In a ruling this morning, Judge Crotty dismissed a pair of lawsuits that aimed to block the construction of a “massive, 70,000 square foot, 10-story tall” trash-transfer center at the East River on 91st Street in Manhattan. As Judge Crotty explained, the 91st location has had a long and important role in trash disposal in New York City.
Most New Yorkers are agnostic about where their garbage goes, or how it gets there, so long as it goes away. But garbage disposal is both messy and expensive. At present, New York City garbage must be collected, transported, consolidated, transshipped, and ultimately disposed of by means of landfill dumping, composting, energy conversion, or some other mechanism. For six decades beginning in the 1930s, there was a marine transfer station – a garbage shipping plant used to dispose of the City’s waste – at the intersection of 91st Street, the FDR Drive, and the East River. During that timeframe, the surrounding neighborhood became more residential and affluent. Asphalt Green was developed as a recreational facility. The East River Esplanade, a pedestrian walkway between the FDR Drive and the East River, was created and subsequently renamed the Bobby Wagner Walk. And all during this six decade period of residential and neighborhood development, garbage trucks were driving to York Avenue and 91st Street, transiting over an escalated ramp, crossing the FDR Drive, and arriving at the marine transfer station where the garbage was dumped out of the truck into barges.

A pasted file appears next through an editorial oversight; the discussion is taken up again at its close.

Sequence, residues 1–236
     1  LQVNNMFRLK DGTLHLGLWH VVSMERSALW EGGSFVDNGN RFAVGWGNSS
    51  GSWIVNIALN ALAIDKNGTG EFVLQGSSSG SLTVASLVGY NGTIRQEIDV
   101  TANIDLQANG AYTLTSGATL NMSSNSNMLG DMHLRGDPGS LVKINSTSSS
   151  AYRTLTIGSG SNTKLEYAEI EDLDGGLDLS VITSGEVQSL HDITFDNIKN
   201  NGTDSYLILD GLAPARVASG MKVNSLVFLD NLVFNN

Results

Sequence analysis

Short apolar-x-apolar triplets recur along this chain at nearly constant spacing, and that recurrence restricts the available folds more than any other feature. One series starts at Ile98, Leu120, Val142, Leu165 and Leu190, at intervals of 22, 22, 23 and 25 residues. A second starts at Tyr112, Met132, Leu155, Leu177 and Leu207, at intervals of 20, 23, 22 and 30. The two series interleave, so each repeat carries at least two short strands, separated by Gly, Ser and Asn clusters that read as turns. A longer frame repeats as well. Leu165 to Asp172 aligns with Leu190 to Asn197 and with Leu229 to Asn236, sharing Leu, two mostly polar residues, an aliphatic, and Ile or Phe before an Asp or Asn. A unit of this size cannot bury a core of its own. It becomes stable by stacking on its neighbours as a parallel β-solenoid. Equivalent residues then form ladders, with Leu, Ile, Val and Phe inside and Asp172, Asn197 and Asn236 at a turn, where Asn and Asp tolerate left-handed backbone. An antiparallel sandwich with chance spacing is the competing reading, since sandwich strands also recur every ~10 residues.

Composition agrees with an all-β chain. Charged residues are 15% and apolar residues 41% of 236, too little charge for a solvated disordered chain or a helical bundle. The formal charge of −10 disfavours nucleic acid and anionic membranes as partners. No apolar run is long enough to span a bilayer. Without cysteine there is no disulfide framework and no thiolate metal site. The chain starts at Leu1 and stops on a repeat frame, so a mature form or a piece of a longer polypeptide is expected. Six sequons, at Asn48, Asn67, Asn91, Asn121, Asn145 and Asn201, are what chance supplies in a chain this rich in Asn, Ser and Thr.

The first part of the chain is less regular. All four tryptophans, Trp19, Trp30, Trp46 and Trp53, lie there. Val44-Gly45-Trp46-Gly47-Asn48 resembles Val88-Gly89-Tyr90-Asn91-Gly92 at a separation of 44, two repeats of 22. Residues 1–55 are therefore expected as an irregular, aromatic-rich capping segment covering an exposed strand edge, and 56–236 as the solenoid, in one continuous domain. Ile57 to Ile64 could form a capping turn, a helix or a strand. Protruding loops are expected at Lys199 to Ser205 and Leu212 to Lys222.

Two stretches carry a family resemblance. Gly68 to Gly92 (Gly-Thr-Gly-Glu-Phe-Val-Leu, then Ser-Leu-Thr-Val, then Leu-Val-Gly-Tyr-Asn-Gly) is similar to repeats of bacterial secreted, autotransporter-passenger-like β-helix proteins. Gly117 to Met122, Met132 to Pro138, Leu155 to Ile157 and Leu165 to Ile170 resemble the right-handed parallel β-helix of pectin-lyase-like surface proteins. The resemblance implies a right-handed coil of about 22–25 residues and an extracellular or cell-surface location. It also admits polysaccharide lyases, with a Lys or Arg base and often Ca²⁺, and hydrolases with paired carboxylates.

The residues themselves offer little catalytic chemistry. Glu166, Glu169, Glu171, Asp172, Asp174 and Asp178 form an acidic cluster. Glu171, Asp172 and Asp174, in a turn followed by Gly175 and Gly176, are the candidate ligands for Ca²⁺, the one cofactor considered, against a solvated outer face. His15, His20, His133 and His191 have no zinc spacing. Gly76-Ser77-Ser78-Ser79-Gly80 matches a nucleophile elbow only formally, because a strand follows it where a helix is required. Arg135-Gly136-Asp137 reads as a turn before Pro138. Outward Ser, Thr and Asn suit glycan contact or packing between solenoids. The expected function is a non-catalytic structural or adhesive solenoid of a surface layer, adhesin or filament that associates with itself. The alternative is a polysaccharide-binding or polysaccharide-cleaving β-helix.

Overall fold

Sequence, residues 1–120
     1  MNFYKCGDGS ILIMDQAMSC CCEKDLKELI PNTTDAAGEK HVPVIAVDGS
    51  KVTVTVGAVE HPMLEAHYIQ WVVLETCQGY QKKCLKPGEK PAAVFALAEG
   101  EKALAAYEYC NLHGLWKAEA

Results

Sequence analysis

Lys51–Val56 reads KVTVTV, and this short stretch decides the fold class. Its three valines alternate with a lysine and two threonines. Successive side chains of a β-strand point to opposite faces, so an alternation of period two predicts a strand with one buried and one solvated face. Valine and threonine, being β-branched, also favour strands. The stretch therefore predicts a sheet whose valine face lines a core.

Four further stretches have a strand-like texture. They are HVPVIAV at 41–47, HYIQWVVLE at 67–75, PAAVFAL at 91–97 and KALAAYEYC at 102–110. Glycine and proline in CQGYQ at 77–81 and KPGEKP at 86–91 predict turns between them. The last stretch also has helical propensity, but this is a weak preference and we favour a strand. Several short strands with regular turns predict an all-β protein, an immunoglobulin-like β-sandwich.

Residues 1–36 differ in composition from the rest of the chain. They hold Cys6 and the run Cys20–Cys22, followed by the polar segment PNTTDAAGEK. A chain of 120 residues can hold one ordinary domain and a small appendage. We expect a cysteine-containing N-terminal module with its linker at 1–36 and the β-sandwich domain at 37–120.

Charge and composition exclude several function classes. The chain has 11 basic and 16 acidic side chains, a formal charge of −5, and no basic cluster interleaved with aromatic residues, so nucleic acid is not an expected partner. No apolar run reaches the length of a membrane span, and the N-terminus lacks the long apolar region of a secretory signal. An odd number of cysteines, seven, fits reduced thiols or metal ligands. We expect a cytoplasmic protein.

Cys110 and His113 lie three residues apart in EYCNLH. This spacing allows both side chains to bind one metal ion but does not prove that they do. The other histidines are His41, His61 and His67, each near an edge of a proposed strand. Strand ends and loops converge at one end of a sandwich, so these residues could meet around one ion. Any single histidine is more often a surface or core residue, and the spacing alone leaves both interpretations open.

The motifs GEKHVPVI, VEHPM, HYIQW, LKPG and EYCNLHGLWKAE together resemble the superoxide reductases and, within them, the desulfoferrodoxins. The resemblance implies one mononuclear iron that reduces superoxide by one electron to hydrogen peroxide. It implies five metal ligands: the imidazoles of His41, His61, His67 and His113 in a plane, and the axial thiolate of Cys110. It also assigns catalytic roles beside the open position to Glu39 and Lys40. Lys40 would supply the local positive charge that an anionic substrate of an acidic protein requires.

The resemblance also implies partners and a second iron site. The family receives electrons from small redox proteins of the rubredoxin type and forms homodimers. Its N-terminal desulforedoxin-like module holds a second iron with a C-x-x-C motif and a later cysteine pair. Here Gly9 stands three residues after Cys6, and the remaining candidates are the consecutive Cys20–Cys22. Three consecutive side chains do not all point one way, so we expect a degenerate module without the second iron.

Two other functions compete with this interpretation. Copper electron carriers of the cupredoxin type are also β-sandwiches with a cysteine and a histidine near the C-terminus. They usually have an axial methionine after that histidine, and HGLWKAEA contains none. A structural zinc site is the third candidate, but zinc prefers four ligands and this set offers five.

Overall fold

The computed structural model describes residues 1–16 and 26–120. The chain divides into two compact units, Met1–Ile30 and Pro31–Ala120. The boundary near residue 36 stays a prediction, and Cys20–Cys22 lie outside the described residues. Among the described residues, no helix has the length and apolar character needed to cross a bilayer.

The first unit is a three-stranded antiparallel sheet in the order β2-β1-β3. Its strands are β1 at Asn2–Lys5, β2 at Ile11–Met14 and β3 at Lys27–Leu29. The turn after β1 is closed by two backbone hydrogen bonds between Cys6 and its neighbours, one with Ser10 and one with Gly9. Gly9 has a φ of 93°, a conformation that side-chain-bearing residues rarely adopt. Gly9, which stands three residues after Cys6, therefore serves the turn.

The old trash transfer station was closed in 1999, but the Department of Sanitation began planning the new station five years later. The plaintiffs, including “Residents for Sane Trash Solutions” and New York State Assembly member Micah Kellner, challenged the Clean Water Act construction permit issued for the site by the United States Army Corps of Engineers, claiming that the Corps ignored the potential environmental consequences of the center and failed to consider enough alternative centers for trash disposal. Much to Upper East Side residents’ chagrin, Judge Crotty found that the Corps’ issuance of the permit was “rational and well-supported.” He held that the Corps’ analysis of the center’s effect on surrounding waters and of alternative disposal methods were adequate and dismissed the lawsuit, allowing the project to move forward.